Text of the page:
After a post-pandemic economic boom and a persistently strong economy, it appears that the party is over, at least in Canada. A historic round of interest rate hikes is finally taking its toll, cooling demand while allowing supply to catch up. On Friday, Statistics Canada announced that Canada’s economy unexpectedly contracted in the second quarter at an annualized rate of 0.2%.
Another factor weighing on the Canadian dollar is the sputtering Chinese economy. Canada is a major producer of commodities, and as a result, the Canadian dollar is more susceptible to fluctuations in global economic activity.
In comparison, the US economy is holding up relatively better. This morning, US weekly unemployment claims came in at their lowest levels since February.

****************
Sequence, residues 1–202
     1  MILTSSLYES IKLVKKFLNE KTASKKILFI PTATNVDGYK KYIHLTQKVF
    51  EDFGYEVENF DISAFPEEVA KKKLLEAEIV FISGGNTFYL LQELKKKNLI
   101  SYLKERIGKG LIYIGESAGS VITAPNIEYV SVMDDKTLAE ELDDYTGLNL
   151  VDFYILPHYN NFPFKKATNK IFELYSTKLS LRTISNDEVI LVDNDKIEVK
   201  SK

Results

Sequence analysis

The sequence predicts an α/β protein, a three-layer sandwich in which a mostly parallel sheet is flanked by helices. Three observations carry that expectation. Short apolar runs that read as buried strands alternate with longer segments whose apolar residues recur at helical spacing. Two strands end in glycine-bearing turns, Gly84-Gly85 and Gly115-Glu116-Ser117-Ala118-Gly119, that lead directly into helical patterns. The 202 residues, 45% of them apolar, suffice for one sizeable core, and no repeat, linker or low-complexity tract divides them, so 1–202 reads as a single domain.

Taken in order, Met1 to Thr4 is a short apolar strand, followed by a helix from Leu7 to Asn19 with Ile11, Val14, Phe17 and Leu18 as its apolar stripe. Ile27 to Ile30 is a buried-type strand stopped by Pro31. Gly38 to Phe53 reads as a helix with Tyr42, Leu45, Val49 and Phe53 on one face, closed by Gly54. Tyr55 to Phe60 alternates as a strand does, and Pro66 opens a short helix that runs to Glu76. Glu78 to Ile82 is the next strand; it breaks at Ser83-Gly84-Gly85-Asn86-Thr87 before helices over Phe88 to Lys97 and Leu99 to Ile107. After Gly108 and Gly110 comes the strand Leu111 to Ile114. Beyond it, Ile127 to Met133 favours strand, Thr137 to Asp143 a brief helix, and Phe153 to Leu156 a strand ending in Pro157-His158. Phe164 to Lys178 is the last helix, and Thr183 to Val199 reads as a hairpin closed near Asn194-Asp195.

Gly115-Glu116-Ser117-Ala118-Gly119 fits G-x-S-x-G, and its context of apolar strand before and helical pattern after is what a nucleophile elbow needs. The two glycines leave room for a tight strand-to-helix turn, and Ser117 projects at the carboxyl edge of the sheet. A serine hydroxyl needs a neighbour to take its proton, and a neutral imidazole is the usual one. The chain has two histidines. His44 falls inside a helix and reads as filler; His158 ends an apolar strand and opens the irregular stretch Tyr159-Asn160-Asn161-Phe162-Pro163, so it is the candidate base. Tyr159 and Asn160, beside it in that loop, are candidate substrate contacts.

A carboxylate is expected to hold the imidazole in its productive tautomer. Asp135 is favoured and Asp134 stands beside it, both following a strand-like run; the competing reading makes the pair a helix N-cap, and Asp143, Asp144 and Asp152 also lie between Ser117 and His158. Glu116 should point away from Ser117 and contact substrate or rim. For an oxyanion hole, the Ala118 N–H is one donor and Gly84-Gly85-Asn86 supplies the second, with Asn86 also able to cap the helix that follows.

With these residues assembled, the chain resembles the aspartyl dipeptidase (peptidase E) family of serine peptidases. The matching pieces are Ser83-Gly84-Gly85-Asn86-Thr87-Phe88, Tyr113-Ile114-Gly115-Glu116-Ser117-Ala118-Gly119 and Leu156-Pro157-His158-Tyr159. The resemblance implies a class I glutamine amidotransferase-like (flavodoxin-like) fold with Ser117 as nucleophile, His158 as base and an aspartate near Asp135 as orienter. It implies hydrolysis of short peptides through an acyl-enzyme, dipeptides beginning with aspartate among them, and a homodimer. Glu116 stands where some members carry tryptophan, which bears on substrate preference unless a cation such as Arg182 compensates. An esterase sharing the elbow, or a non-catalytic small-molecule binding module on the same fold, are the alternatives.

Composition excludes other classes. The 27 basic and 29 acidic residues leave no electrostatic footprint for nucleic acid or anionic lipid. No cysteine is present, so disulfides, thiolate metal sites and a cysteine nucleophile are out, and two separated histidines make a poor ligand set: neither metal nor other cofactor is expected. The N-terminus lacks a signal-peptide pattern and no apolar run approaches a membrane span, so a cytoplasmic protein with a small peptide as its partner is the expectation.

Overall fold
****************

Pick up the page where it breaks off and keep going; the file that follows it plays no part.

What investors are speculating is that the Bank of Canada (BoC) is further along the interest rate cycle and that it is unlikely to raise rates, or perhaps even consider cutting rates, sooner than the Federal Reserve. The implications for the price of the Canadian dollar versus the US dollar are that the Canadian dollar will likely continue to trade at weaker levels for the rest of 2023. According to a Reuters poll released this morning, the Canadian dollar should rebound to about the 1.32-1.324 range against the USD by early 2024.